Change in fair value (net of $0 of taxes)

 

Balance of accumulated income at June 30, 2018
$

 
$

 
 
 
 
Balance of accumulated (losses) income at December 31, 2016
$
13

 
$
13

Reclassifications into earnings (net of $(1) of taxes)
(3
)
 
(3
)
Change in fair value (net of $(7) of taxes)
(10
)
 
(10
)
Balance of accumulated income at June 30, 2017
$

 
$

(1) Reclassified to aircraft fuel expense



19

PART I. FINANCIAL INFORMATION
ITEM 1. FINANCIAL STATEMENTS
JETBLUE AIRWAYS CORPORATION
NOTES TO CONDENSED CONSOLIDATED FINANCIAL STATEMENTS
(unaudited)



Note 10—Special Items
The following is a listing of our special items presented on our consolidated statements of operations:
 
Three Months Ended June 30,
 
Six Months Ended June 30,
Special Items
2018
 
2017
 
2018
 
2017
Embraer E190 impairment(1)
319

 

 
319

 

Total
$
319

 
$

 
$
319

 
$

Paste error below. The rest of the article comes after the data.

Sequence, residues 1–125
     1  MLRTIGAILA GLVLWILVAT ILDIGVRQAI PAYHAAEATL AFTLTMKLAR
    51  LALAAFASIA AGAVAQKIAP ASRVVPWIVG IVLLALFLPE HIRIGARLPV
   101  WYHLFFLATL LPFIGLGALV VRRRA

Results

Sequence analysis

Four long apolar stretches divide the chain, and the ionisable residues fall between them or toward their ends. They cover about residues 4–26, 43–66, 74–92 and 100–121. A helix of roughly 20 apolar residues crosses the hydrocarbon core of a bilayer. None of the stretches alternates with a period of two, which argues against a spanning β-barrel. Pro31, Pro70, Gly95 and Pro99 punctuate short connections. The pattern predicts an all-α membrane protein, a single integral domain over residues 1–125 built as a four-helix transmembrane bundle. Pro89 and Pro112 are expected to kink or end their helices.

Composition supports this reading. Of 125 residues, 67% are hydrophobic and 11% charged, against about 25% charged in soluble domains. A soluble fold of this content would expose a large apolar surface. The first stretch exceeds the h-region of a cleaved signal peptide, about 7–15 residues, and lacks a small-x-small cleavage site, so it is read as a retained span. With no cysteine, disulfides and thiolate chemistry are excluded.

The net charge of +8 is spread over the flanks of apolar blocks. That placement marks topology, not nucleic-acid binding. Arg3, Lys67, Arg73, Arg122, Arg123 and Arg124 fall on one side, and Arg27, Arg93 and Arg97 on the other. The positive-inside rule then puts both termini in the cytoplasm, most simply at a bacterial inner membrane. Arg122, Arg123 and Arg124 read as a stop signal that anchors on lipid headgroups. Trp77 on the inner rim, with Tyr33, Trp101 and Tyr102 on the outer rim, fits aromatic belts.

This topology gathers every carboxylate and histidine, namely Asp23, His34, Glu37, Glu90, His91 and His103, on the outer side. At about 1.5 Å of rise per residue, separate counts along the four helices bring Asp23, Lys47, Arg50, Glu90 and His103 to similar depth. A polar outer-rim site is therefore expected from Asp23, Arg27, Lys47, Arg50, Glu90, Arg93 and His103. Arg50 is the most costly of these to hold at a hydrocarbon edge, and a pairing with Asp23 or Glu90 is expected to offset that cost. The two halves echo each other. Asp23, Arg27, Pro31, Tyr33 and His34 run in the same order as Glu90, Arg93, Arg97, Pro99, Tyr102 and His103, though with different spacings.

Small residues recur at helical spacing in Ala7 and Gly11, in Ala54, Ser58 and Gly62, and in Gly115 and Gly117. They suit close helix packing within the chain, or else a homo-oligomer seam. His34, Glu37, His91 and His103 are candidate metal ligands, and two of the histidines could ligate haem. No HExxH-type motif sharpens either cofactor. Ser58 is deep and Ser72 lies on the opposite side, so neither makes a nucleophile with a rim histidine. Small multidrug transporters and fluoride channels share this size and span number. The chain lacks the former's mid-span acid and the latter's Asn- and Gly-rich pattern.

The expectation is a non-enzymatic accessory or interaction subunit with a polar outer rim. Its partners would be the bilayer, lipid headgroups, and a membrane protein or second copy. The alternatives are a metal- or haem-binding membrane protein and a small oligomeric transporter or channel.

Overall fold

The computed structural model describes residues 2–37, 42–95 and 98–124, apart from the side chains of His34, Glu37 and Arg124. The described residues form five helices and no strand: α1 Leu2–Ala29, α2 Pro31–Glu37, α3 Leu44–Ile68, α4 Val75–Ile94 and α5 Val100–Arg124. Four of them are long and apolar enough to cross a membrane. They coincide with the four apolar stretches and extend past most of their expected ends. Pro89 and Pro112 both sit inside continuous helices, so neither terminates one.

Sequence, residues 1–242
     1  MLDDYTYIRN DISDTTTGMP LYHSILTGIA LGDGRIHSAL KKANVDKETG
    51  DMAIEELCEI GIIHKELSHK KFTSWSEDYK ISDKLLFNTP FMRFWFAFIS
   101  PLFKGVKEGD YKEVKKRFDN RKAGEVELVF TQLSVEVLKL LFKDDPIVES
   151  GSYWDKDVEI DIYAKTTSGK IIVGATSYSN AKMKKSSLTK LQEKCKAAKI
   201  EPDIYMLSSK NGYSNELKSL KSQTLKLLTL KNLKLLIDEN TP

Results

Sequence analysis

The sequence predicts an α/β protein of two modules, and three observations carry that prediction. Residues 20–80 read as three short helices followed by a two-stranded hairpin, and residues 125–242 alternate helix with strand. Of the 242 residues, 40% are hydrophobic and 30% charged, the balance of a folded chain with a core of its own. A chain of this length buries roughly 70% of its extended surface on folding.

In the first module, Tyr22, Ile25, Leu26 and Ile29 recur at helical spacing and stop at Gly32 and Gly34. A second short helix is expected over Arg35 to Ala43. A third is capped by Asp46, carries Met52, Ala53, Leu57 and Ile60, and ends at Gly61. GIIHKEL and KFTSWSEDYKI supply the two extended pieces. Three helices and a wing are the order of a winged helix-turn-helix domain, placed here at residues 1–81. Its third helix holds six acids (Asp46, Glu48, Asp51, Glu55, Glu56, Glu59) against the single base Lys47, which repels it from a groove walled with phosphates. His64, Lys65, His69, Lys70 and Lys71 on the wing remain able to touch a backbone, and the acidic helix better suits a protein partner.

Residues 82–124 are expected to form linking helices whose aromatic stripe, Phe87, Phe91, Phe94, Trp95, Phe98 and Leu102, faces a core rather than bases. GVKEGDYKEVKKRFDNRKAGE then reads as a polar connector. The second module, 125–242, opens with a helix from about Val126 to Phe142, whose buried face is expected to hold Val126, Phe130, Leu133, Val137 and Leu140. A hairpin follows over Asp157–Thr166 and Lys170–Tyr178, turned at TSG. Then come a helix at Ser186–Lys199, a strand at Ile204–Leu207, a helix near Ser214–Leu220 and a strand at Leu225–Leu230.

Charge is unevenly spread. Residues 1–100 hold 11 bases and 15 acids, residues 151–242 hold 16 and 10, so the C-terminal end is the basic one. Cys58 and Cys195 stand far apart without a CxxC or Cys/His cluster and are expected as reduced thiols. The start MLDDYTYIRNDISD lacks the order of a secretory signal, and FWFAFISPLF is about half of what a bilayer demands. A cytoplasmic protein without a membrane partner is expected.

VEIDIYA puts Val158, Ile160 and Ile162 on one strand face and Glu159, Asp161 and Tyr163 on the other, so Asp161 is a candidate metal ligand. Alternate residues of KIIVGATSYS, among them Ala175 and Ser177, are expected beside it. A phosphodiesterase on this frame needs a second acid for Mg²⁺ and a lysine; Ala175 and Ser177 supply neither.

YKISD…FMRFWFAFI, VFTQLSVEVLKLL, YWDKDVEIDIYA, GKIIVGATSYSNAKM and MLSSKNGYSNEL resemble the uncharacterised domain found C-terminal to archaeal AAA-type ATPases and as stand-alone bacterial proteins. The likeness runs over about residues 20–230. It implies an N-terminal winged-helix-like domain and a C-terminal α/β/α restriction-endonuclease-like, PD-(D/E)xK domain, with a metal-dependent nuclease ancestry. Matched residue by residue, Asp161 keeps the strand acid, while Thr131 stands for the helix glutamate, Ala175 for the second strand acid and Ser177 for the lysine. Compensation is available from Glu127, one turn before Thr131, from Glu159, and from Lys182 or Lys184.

(1) Embraer E190 impairment includes a $319 million impairment charge of flight equipment and other property and equipment related to our June 2018 fleet review. The impairment was triggered by our decision to exit the Embraer E190 fleet and order 60 Airbus A220-300 aircraft, formerly known as the Bombardier CSeries CS300, for expected deliveries beginning in 2020 through 2025, with the option for 60 additional aircraft through 2028. We expect to transition owned Embraer E190 aircraft starting in 2020, with leased Embraer E190 aircraft expected to be returned as leases expire starting in 2023. We expect transition to be complete by 2025. We believe this decision will provide financial and network advantages over the current Embraer E190 aircraft. We assessed our Embraer E190 asset group by comparing projected undiscounted cash flows over the remaining time period we expect to utilize the aircraft to the book value of the asset group and determined the book value was in excess of the cash flows. We estimated the fair value of our Embraer E190 asset group using third party valuations and considering specific circumstances of our fleet such as aircraft age, maintenance requirements and condition and therefore classified as Level 3 in the fair value hierarchy. We reassessed our Embraer E190 assets and adjusted the depreciable lives and salvage value to align with our expected transition dates.